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    Editorial: A broken promotion system



    Story by Cpl. Jennifer Webster 

    AFN Iwakuni

    Editor's Note: The views expressed in the following entry are those of the author and do not necessarily reflect the official policy or position of the Marine Corps, Department of Defense or the U.S. government.

    “I made the cutting score…”

    Month after month these words are uttered by Marines who have not demonstrated they are leaders or technical experts in their military occupational specialty, or MOS. The coveted status of non-commissioned officer, or NCO in the Marine Corps, is going down the drain. Why? A broken promotion system.

    Promotions to corporal and sergeant are based on a point system. Halfway through the second month of every fiscal quarter, lance corporals and corporals receive a composite score calculated by running numbers through a formula prescribed in MCO1400.32D.

    Composite scores use a combination of time in service, time in grade, rifle score, physical and combat fitness test scores and average in grade proficiency and conduct scores to assign each Marine an individual score. In addition, bonus points (up to 100 points per category) are awarded for education, special duties, recruiting and as a reenlistment incentive.

    During the third month of the fiscal quarter, the Marine Corps announces a cutting score for promotion to corporal or sergeant in every career field. If a Marine’s composite score is above the cutting score for his rank or MOS, that Marine is promoted on the first day of the following month.

    It’s that simple. This system does not promote the best; it promotes those who manage to get the most points.

    “I honestly feel like based on MOS’ composite scores, some Marines pick up rank a lot faster than others,” said Cpl. Jessica Quezada, a Marine awaiting to make the composite score for sergeant. “Marines are promoted based on what looks good on paper rather than the Marine themselves. It puts them in a sink or swim situation. If they sink, they aren’t just sinking themselves, but their entire shop and the junior Marines they are expected to lead.”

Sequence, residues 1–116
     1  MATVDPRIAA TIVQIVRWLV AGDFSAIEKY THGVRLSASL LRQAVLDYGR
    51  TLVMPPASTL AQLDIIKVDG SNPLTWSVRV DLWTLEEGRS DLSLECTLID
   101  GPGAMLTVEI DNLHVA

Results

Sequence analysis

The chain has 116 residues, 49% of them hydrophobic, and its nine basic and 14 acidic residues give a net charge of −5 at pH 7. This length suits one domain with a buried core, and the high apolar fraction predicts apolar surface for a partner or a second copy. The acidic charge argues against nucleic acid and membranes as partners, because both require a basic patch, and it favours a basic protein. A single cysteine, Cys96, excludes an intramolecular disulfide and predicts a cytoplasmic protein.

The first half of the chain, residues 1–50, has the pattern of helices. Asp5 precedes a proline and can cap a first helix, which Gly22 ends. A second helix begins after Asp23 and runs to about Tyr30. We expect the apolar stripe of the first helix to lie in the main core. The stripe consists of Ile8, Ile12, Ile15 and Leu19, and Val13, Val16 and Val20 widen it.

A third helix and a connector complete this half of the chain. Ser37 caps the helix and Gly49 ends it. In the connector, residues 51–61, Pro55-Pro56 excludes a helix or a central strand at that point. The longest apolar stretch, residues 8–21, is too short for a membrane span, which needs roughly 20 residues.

This system does not promote the best; it promotes those who manage to get the most points.

    So why is that an issue? Up until fiscal year 2016, the Marine Corps was dropping Marines left and right.

    According to Marine Corps Times article, “Corps’ budget temporarily halts drawdown,” early release, retirements, and forced separations became the new norm as the Marine Corps dealt with a smaller budget. Then last year, Marine officials revised the numbers coming to the conclusion that the Corps could hold fast at 182,000 personnel, but what if they hadn’t revised the budget?

    In 2014, the Marine Corps was preparing to shed an additional 8,000 Marines. The drawdown was expected to leave the Corps with just 174,000 Marines by 2017.

    So who gets to stay in and who gets the short end of the stick? That’s simple; rank has its privileges, right? The higher a Marine’s rank, the longer he can stay in the Marine Corps. A lance corporal can’t stay in as long as a corporal who can’t stay in as long as a sergeant who can’t stay in as long as a staff sergeant and so on and so forth.

    What sense does it make deciding who gets to stay and who has to leave based on a system that doesn’t focus on retaining leaders and technical experts in their respective job fields? Before you know it, you have staff noncommissioned officers who don’t have the technical skills to perform basic tasks trying to lead non-commissioned officers, who don’t know their left from their right. Let alone know how to lead. It’s a never ending cycle.

    At the end of the day, the promotion system is still broken and Marines will be promoted whether their ready or not putting them in what Quezada said is a “sink or swim situation.” We still have non-commissioned officers trying to lead the blind when they don’t know how to carry themselves in a respectable manner. It won’t be a quick fix or an easy task, but the Marine Corps needs to, at least, consider revising the way we promote the leaders we are expected to follow.



    Date Taken: 12.21.2015
    Date Posted: 12.30.2015 23:28
    Story ID: 185503

    Web Views: 114
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